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Taste of Travel: Australia

Unknown but Nose-Worthy

Cork-popping along the overlooked Margaret River wine country on the western coast

July 19, 1998|MARGO PFEIFF | Pfeiff is a writer based in Quebec

Strolling through the spacious grounds of Leeuwin Estate winery, I heard neon green parrots shriek from the canopy of eucalyptus trees. The staff told me they had to plant sunflowers as an alternative food source, or the parrots, which come by "in plague proportions," would eat up the grapes.

In this region you feel close to the Australian "bush" because the wineries are widely spaced apart and forests of tall karri and jarrah trees make you feel like you are secluded from the rest of the world. At Leeuwin, a towering stand of karri forms a backdrop to a natural grass amphitheater in front of the modern winery building. Every year since 1985, the winery has hosted an ambitious outdoor concert featuring artists such as Ray Charles, Dionne Warwick and Diana Ross. The event is so popular that it literally doubles the population of Margaret River.

Cape Mentelle Winery, which produces some of my favorite Australian wines, is just down the road from Basildene Manor. On a trip to Sydney several years ago I fell in love with their crisp and fruity Semillon/Sauvignon Blanc. In 1983 Cape Mentelle's Cabernet Sauvignon won Australia's most coveted wine award, the Jimmy Watson Trophy--a dream come true for a small winery set up in only 1969.


North of the town of Margaret River, strung along a network of back roads, is a cluster of well-known wineries such as family-run Cullen, Pierro, and Evans and Tate. Generally, tastings are free with a small fee for premium wines. Some wineries will ship their product home for you. Otherwise, the Margaret River Regional Wine Center--which features tastings as well--in unpronounceable Cowaramup will package and mail to the U.S.

During my weeklong visit, while driving through golden vineyards, I reached Amberley Estate, nestled among jarrah and red gum in a secluded valley off the main route. The winery building is modeled on an old villa, with deep verandas that create a naturally cool building where I met winemaker Eddie Price who won the West End Trophy for his 1995 Shiraz.

Harvest in Margaret River is from February to mid-April, a fun time to visit any winegrowing region, but a hectic period for winemakers. For that reason the annual Margaret River Wine and Food Festival has been shifted to November--Australia's springtime--so that winery staffs have more time to spend with visitors.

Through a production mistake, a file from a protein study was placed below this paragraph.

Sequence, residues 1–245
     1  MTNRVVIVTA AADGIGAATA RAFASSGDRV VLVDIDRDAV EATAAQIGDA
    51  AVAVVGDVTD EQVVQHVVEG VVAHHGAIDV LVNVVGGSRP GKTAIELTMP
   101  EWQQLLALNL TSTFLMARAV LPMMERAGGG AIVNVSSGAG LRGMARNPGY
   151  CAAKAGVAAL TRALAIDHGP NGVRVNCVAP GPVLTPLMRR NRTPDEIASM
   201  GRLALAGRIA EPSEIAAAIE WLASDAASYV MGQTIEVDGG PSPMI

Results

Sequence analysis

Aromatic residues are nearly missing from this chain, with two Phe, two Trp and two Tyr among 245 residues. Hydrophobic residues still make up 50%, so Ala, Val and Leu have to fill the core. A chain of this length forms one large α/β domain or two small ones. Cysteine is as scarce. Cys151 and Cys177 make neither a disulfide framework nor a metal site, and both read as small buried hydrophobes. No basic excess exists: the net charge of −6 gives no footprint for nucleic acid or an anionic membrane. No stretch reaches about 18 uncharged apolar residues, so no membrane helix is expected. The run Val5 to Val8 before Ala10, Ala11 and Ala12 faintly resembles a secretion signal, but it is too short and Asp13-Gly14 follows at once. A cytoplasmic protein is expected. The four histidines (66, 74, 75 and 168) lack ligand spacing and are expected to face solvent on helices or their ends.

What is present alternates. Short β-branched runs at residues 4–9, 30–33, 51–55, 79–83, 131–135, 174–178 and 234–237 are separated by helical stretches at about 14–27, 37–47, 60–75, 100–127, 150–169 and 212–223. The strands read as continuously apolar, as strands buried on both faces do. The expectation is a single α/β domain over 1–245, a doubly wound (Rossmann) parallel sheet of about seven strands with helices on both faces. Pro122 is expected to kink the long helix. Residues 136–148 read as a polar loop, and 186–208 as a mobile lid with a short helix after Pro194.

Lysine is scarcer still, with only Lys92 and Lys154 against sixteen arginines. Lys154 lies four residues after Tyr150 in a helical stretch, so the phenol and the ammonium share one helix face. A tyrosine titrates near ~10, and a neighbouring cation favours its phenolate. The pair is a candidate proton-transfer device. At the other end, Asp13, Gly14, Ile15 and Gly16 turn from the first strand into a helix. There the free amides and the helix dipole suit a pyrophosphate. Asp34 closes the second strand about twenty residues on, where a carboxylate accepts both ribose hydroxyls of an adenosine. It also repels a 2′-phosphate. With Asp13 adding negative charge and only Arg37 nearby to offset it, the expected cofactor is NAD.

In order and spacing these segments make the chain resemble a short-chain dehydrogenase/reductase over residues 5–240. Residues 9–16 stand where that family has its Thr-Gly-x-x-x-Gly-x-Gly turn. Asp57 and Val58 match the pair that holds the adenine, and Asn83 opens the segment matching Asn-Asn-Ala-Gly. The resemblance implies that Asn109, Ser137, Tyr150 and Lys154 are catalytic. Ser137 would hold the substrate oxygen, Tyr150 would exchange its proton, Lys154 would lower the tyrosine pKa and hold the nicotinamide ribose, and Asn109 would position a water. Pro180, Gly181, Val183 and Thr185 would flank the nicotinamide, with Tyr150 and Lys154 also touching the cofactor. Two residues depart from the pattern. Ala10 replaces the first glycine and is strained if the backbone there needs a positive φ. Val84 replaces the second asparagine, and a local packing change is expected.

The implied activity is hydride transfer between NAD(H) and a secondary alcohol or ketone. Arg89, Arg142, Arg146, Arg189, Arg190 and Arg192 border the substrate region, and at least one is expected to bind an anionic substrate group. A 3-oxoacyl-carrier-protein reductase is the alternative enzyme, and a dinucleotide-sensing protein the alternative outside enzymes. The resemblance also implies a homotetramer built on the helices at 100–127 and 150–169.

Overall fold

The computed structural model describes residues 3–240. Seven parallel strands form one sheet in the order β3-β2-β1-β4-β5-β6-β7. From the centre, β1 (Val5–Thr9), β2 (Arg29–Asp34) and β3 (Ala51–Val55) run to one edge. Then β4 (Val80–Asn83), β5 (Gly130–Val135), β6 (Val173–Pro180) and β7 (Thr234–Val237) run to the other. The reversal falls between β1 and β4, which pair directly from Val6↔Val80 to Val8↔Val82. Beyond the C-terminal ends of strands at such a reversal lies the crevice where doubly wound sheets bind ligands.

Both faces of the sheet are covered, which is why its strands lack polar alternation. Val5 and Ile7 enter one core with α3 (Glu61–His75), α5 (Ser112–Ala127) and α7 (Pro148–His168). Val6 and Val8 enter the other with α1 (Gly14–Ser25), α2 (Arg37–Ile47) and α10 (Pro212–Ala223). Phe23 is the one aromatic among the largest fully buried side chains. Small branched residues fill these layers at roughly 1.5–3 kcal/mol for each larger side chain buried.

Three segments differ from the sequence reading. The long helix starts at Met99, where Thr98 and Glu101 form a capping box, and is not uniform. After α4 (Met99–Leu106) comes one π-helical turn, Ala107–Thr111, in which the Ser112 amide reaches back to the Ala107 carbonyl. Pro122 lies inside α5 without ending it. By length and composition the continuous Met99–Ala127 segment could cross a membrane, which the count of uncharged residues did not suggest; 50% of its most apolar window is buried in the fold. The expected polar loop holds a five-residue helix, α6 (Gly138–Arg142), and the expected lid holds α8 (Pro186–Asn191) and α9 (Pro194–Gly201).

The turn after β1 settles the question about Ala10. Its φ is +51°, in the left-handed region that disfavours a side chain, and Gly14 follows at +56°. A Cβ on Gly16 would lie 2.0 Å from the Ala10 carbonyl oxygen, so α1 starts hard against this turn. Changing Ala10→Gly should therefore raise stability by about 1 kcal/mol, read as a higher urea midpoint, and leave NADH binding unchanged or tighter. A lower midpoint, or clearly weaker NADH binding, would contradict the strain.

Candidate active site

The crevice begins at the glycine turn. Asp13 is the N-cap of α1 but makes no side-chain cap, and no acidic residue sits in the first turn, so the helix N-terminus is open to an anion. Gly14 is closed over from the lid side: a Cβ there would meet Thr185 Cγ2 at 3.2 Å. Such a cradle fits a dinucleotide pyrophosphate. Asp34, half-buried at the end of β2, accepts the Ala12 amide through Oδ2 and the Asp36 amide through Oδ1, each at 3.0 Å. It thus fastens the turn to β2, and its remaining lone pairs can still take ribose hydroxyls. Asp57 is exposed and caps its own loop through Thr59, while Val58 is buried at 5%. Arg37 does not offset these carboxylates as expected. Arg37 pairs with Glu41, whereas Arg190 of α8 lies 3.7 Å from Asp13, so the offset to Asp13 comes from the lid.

One day, just as dark clouds gathered overhead, I reached the Vasse Felix Winery (another thumbs up from wine critic Parker) for a tasting amid oak barrels. Heading upstairs as rains pound the high wooden roof of the winery, I found a table beside a blazing fireplace set in the center of the restaurant and dined overlooking vines that have turned orange with autumn.

Winery restaurants are a Margaret River specialty, and there are many to choose from. Amberley has an excellent light lunch menu, and over at Brookland Valley Vineyard, set on the banks of a small lake, Flutes Cafe is as well known as their wines. In these restaurants I dined on marron (a local freshwater crayfish), dhufish and local Cloverdene lamb glazed with local honey.

Just inland from Margaret River, a deli called the Berry Farm produces a unique range of table, dessert and fortified wines made from fruit and berries such as kiwi, raspberry and strawberry.

Most of the coastline between the two capes is a patchwork of protected sections belonging to Leeuwin-Naturaliste National Park. If you are ambitious enough, you can hike the entire 71-mile length on the coast, a trip that can take up to six days. More than 150 wild caves pockmark this limestone plateau; 15 miles south of Margaret River four of them are open to the public.

One of the wildest stretches of the National Park is in the Boranup area just south of the caves. A secondary road, a 10-mile detour off the main route, winds through wetlands, coastal health and gnarled forests of banksia and tall native trees; a great place for bush walking and bird-watching for such gems as red-capped parrots, purple-crowned lorikeets and the sacred kingfisher.

Heading back toward Perth I checked into the warmth of a bygone era at Newtown House in Busselton at the northern end of Margaret River country. Built in 1851, with antique farm equipment set on its two acres, the original three-room homestead is now a restaurant where inn owner Stephen Reagan is also the chef. He uses as much local produce as possible on his menu that includes Margaret River venison and a personal favorite, smoked Clover Cottage trout.

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